Richard Harman at Politik reports:
Labour would exempt Australians from any restrictions it might put on foreign buyers of New Zealand real estate.
In a move that raises questions about the reasons for appearing to single out Chinese residents, Housing spokesman, Phil Twyford says the Australian exemption is because of the Closer Economic Relationship with Australia. …
But back in the Labour Party Mr Twyford has been continuing to assert that Labour would ban all foreign buyers.
He repeated this claim in a piece he wrote for the Herald.
But he told POLITIK that “sometimes simplicity is the enemy of nuance.”
“Our policy is to ban all foreign buyers with the following exceptions —“If you intend to come here and settle.”
“If you build new.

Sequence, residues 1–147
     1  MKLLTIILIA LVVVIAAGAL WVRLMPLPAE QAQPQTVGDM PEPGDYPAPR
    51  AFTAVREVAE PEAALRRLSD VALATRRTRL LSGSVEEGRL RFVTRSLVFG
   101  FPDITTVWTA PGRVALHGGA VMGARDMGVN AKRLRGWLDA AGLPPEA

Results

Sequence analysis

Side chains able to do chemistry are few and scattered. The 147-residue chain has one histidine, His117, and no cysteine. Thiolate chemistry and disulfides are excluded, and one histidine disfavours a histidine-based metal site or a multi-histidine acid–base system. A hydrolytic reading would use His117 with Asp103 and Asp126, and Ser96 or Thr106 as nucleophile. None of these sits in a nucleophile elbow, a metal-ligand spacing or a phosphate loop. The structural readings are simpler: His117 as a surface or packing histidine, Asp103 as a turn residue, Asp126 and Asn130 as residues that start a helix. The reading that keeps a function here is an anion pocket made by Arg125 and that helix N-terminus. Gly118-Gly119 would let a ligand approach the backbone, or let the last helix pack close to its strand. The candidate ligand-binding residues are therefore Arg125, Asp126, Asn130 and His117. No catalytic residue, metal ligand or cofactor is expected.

“Australians – in the spirit of CER, given that they exempt Kiwis from their restrictions on offshore speculators.”
This tells us two things. The first is you can’t trust an article written by Phil Twyford. Sure in a live interview you may need to go for simplicity, but in a written op-ed for a newspaper, it is disgraceful to lie about your own policy.
But assuming he has told the truth to Harman, he has killedhis own policy. Stephen Franks explained why in 2013:
But wait – another Article (the most favoured nation clause) commits New Zealand not to pass law that discriminates against Chinese investors in comparison with other overseas investors (such as Australians).
Article 139 requires that investors of [China] be treated no less favourably than investors of any third country [Australia] “with respect to admission, expansion, management, conduct, operation, maintenance, use, enjoyment and disposal” of investments.
So Chinese would-be investors do not get direct rights to insist on investor equality but they can’t be treated worse than Australians.
Labour has said Australians would still be allowed to buy residential property under their policy. This would breach Article 139.
So Labour’s policy is a soundbite, not an actual policy that could be implemented.Tags: China, FTA, house prices, Labour